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Currently there are existing workflow scripts that test the workflows individually.  Sometimes these workflows are tested in combination with other workflows by invoking a second workflow manually, such as an automated Check In Check Out test with a manual Data Import.  In order to simulate production usage of FOLIO, it is necessary to have a "master" JMeter script which executes all of these workflows so that all of them can be run concurrently in an automated fashion. This page outlines various aspects and considerations of designing such a script and the final decisions that will lead to creating the master script.

Script Requirements

  1. Script that runs the workflows described in PERF-457 - Getting issue details... STATUS
  2. The workflows are configurable before running the tests. Some scripts or workflows require specific configurations. While the Check In Check Out workflow needs to have the number of users and ramp up time configured, Data Import scripts may require the job profile and MARC files that are being loaded at runtime set. 
  3. Script should run from Carrier-io.  Currently Carrier-io kicks off a test using Jenkins job and the job is configurable via the job's forms with text boxes and a Jenkins file.  The master script may want to follow this model. 
  4. Script should be able to distribute the virtual users to mimic live usage.  In real life there will be a percentage of librarians checking in books for their patrons, a handful of librarians ordering books, a few of them exporting the items' bibliographic data, etc.. The script should be configured to match real life's distribution of usage on the system.
  5. Either built into the master script or Jenkins job as a step or implemented as a manual step, there should be a process to restore the database by way(s) of cleaning up the records that were created or altered so that the test can be rerun from the same starting point. 


  1. Variables
    1. Distribute variables into classes
      1. class: Main: Okapi Host, Username, Tenant
      2. class: Main (workflows specific): edge-host, API Keys
      3. class: Load: User, duration, ramp up <-- workflow specific
        1. Long vs. short durations 
        2. Big jobs vs. time-bound jobs.
      4. class: Flow-based: profile, file  <-- workflow specific
    2. Passing in variables from Jenkins job.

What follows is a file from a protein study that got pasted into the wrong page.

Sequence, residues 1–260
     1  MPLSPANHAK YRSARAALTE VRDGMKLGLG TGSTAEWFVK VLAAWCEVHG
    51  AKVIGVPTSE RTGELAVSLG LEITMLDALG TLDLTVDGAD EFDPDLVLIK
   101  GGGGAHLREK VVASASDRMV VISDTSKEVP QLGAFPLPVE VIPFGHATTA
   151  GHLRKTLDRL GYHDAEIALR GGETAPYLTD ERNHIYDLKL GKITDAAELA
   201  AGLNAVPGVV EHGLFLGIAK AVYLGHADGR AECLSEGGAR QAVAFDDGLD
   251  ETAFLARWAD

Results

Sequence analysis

1. Group the like workflows' variables into separate groups and assigning probabilities in each group
      2. JSON configuration that has configurations for each workflow
        1. Pros: Does not need to create a long list of parameters in the Jenkins job. 
        2. Cons: Long file, hard to work with.
      3. Store the workflow configuration file on Github (pull it down when building the job)
        1. Pros:  Changes to the config are documented as Github as commit comment each time the file is checked in.
        2. Cons: The configuration still needs to be in some form (JSON, XML, plaint text/csv, etc..)
      4. Store the workflow config file in Artifact package
        1. Pros:
        2. Cons: 
          1. If a slight change to one of the parameters is made, a new artifact package will have to be recreated. 
          2. Need to keep record of the versions of the packages that have whichever changes. 
      5. Expose the parameters directly in Jenkins as text boxes and other controls (drop down lists, check boxes, etc..) 
        1. Pros:
          1. Can be configurable with JSON file in one field
          2. Jenkins could store default values for parameters.
        2. Cons: 
          1. A very long Jenkins job that may have well over 200 parameters (approximately 4-5 parameters for each workflow + up to 15 general parameters).
  2. Probability of calls (TBD - with small POCs)
    1. Flow based?
    2. tenant/cluster based - to control the distribution of calls to the workflows. 
    3. Implementation:
      1. Smaller thread groups easier to manage, debug
                How: New thread group for each workflow
      2. One thread group
                How: Extremely hard to combine them in one thread
          1. Hard to manage all in one thread
          2. There are too many lines with transaction controllers in one thread.
          3. We have different workflows for some of them load is configured with number of users and for others with the size of processed file, thus it is extremely hard to combine them in one thread.
  3. How to retrieve secured variables like username, password?
  4. Automation: Any modifications to the current Jenkins job needed?  
  5. Script size: How big is too big? Can it reasonably accommodate 30-40 workflows?
  6. Test results monitoring:
    1. Do we need to create new Grafana dashboard?
    2. Will we have automated reporting?
    3. How will we take workflow process duration like Data Import/Export duration from the database?
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